We are gods within God, finite spirits within the Infinite Spirit. But what is spirit? Yoga tells us that spirit is consciousness. We are eternal consciousnesses, each of us individual and distinct. Yet we are more. Each of us takes our being from God as the wave takes its existence from the ocean.
God is the eternal Root, the Ground, of our being, our greater Self. We are not God, but in some ineffable manner God is us–the Self of our Self, the Spirit of our spirit. God is all, and we are the parts–each of us possessing an eternal and irrevocable distinction. That is why Krishna told Arjuna: “There was never a time when I did not exist, nor you, nor any of these kings. Nor is there any future in which we shall cease to be.”
“Both the individual self and the Universal Self have entered the cave of the heart, the abode of the Most High, but the knowers of Brahman see a difference between them as between sunshine and shadow” (Katha Upanishad 1:3:1).
God and creation
God, the infinite Spirit, is pure consciousness, but has extended or emanated Himself as the cosmos: physical, astral, and causal. “This universe, before it was created, existed as Brahman. ‘I am Brahman;’ thus did Brahman know himself. Knowing himself, he became the Self of all beings” (Brihadaranyaka Upanishad 1:4:10). This seemingly dual nature of God as Light and Power, as Consciousness and Matter, has puzzled the minds of even the wise.
God, the Original Being, projects Himself as the ever-changing dance of creation, as the evolving light that is the cosmos. God projects the creation, evolves it, and withdraws it back into Himself in a perpetual cycle. The creation can be thought of as God’s body–that God becomes incarnate in creation again and again. And as parts or reflections of God we do exactly the same through reincarnation.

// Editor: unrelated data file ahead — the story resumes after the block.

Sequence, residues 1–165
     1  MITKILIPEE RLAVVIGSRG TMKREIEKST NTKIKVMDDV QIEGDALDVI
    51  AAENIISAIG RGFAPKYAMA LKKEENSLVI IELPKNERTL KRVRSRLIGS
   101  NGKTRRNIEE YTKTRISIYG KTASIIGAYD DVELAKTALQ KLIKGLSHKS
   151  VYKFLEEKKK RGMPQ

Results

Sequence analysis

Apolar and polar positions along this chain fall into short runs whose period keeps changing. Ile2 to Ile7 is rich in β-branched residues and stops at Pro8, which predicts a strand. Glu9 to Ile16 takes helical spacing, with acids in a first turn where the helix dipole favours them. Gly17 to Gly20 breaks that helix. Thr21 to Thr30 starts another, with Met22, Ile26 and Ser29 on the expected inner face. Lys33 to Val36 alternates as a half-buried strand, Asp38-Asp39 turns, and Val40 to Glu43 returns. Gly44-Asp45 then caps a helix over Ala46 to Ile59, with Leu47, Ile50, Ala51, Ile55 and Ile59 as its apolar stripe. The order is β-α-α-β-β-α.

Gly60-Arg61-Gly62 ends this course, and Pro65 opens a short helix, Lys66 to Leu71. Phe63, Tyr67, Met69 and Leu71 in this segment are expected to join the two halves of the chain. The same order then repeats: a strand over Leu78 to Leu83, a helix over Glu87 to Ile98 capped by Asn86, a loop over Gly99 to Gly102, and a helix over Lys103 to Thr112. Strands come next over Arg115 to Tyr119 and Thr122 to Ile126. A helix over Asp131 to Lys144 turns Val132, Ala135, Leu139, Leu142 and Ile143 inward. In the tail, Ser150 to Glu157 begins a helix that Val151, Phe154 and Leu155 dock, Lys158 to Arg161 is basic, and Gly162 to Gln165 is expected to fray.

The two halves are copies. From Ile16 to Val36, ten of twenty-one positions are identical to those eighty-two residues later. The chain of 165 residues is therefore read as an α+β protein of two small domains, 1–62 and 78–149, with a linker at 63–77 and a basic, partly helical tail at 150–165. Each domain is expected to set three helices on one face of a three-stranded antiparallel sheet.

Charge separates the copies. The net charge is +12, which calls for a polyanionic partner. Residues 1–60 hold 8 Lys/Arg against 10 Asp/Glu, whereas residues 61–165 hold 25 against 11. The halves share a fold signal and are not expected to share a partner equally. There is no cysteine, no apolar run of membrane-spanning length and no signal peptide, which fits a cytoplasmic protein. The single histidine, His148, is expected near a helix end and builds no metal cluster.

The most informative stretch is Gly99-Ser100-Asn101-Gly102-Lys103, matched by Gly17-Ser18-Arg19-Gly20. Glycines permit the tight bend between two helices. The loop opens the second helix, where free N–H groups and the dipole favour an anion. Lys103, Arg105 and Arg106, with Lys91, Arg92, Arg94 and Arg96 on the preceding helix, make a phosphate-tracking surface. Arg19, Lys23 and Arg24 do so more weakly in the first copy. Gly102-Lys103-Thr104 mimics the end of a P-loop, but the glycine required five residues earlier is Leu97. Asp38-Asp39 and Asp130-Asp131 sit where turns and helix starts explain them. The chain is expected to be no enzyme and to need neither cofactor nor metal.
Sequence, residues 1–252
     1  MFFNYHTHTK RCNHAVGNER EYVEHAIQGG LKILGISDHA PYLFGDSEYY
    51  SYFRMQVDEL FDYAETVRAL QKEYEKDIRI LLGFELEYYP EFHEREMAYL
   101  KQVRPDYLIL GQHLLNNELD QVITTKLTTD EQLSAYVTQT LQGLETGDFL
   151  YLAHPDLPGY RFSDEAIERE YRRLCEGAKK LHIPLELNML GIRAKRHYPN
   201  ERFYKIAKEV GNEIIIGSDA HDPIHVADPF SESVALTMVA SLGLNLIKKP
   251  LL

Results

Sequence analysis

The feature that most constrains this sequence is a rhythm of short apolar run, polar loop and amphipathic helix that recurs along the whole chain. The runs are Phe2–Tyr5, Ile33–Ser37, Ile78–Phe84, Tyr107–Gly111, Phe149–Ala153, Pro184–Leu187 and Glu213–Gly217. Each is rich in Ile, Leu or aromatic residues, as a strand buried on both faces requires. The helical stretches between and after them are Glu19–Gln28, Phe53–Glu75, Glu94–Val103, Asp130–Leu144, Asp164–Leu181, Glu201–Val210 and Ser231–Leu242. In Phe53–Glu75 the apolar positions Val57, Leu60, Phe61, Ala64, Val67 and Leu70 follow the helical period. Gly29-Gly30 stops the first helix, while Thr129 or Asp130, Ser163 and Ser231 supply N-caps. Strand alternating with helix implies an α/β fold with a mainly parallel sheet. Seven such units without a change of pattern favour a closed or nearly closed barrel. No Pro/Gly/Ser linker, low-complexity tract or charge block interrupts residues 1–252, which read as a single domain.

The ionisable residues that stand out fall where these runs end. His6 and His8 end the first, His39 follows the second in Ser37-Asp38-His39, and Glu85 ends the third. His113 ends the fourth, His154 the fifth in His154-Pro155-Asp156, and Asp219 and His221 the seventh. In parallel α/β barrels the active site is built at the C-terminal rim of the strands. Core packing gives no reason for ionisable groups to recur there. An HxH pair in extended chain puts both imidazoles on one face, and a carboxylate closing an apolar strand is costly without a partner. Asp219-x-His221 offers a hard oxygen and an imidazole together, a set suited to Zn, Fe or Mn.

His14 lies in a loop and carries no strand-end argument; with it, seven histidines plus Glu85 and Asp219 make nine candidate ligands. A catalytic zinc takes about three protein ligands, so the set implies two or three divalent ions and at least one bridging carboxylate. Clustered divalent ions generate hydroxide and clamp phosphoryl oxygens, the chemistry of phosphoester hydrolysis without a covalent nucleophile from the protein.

There is a law that governs the place and kind of our embodiment. That law is karma, the principle of exact and inevitable reaction to our own actions and mental states, resulting in a seemingly endless domino effect of continual birth and death. Yoga offers us the possibility of ending this chain of embodiments by awakening-transformation from time and mortality into eternity and immortality.
All conscious beings have existed eternally within the Being of God, one with Him, distinct though not separate from Him. Rooted in the infinity of God, they have within themselves an innate impulse to transcend their finitude and attain the boundlessness of their Origin. This is impossible, since they are as immutable as God–the only infinite Being. They can become godlike, but they cannot become God. Yet the urge for transcendence is part of their nature.
The solution to this dilemma is simple. The individual consciousnesses cannot alter their natural state of finitude, but they can come to share and participate in the infinite Consciousness of God. Even though they cannot become infinite themselves, they can experience the infinity of their divine Source, just as a psychically sensitive person can experience the thoughts and feelings of others without becoming them. In the same way, spirits can evolve to experience the Consciousness of God while remaining in their naturally limited state. They do not become God the Absolute, but they enter into that Absolute Life and are one with It.
As Shankara explains in his Yoga Sutra commentary: “When the light of several lamps appears simultaneously, it cannot be made out which is the light of which.” And Saint Paul: “He who is joined to the Lord is one spirit” (I Corinthians 6:17). And Jesus: “I and my Father are one” (John 10:30). Consequently liberated spirits experience the infinite Being of God–infinite Consciousness–as their own being. Krishna has described it this way: “When you have reached enlightenment, ignorance will delude you no longer. In the light of that knowledge you will see the entire creation within your own atman and in me” (Bhagavad Gita 4:35).
When the spirits are unshakably established in that Consciousness the goal has been attained. All they need do is develop the capacity for such a state of awareness. This is done by learning to fully experience the state of existence of a being completely different from themselves–while retaining the awareness of their true identity. They can put on the “costume” of a consciousness utterly different from theirs, and not just experience that other mode of consciousness, but become able to function as that other kind of being.